Dublin can learn from high-rise London

 

Sir, – When decision-makers say yes to a tall building, it has to be right – right place, right motive, right design, right height. It must be tested to ensure it causes no harm: to neighbourhood amenity, to resources, to local infrastructure, to sustainability efforts, to established views and to historic townscapes.

Tall buildings can be an uplifting experience, they can also signal the confidence people have in their city and confidence there should be because Dublin offers so much while holding the potential to offer more.

When I agreed to collaborate with Paul O’Brien, his team at Henry J Lyons and with the inspired Ronan Group [on the Waterfront South Central development in Dublin\it was important for me to provide the guidance which would lead to it being right, to it not causing harm and to it providing the qualities of substance, durability and of delight.

The application has all the right attributes and though visible from along the Liffey valley and some related streets, it will not dominate the city centre. Its visibility will be such as to draw people towards it, to be a landmark for the city from sky and sea.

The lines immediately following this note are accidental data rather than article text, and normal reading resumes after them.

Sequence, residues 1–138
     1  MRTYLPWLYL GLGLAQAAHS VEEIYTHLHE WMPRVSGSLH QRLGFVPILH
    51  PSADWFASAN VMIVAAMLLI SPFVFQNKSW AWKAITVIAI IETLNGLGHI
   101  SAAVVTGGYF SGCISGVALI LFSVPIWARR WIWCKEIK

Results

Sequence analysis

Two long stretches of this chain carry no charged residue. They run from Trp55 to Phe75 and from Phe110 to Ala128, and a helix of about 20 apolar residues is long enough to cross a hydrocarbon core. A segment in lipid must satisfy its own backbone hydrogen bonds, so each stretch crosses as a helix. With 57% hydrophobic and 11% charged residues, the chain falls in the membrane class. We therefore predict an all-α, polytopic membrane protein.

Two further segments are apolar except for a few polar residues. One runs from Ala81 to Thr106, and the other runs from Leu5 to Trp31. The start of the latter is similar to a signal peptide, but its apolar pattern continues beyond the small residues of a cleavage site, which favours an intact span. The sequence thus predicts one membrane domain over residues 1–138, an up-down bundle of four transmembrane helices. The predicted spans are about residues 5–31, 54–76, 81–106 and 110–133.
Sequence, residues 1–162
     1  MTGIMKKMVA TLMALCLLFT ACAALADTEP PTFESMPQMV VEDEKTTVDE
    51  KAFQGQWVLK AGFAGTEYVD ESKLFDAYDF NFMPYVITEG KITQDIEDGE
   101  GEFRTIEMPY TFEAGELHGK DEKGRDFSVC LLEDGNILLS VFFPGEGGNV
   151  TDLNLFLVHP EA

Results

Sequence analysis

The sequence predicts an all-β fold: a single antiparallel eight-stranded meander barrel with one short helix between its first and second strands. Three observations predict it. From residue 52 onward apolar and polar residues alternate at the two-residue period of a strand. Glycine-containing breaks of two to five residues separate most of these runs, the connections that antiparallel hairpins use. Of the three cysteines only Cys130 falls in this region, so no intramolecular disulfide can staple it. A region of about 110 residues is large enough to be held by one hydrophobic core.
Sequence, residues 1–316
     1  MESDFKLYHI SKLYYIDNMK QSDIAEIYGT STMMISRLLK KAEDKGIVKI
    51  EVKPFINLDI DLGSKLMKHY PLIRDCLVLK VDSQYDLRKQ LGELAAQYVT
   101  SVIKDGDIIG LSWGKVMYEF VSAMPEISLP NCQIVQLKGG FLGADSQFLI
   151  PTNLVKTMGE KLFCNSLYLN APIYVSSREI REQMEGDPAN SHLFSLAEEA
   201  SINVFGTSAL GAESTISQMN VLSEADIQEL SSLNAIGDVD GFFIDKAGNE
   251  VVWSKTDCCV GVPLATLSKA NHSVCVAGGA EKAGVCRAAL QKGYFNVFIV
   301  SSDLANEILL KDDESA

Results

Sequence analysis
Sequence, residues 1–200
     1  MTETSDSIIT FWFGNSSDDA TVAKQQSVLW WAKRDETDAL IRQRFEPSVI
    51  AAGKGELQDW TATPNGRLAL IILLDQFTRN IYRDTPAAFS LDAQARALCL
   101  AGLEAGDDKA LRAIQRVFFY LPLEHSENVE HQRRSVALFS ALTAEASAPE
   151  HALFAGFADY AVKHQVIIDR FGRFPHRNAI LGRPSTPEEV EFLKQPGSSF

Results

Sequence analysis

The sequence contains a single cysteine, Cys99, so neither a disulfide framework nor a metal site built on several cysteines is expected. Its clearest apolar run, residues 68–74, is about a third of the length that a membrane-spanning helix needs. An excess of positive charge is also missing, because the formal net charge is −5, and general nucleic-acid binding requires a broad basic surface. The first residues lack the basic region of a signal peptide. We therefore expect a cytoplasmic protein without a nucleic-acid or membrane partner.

Frank McDonald has spoken with eloquence (Opinion, February 27th) but with incredulity about the Ronan Group’s project. He is right, the project challenges the policy set out for the site by the planners.

All the new and early 21st-century propositions for tall buildings in London did so too. It took the planning system a few years to catch up and now is a little more in tune with the inevitable and necessary densification of underdeveloped city areas.

London now has good examples. At Vauxhall while developers proposed tall buildings, the planners struggled to embrace them but because of them and the regeneration they brought, the new US embassy moved out of Mayfair to this exciting world south of the Thames.

The eastern cluster of the City of London began its current phase with the Gherkin, on which I assisted, when the planners were against more towers there.

I worked with IM Pei and later Cesar Pelli on Canary Wharf which took planners by surprise but which transformed the economy of east London.

Johnny Ronan’s project is not so out of step with the world as some may think. – Yours, etc,

RICHARD COLEMAN

Design Townscape

Heritage Consultant,

Grosvenor Place,

London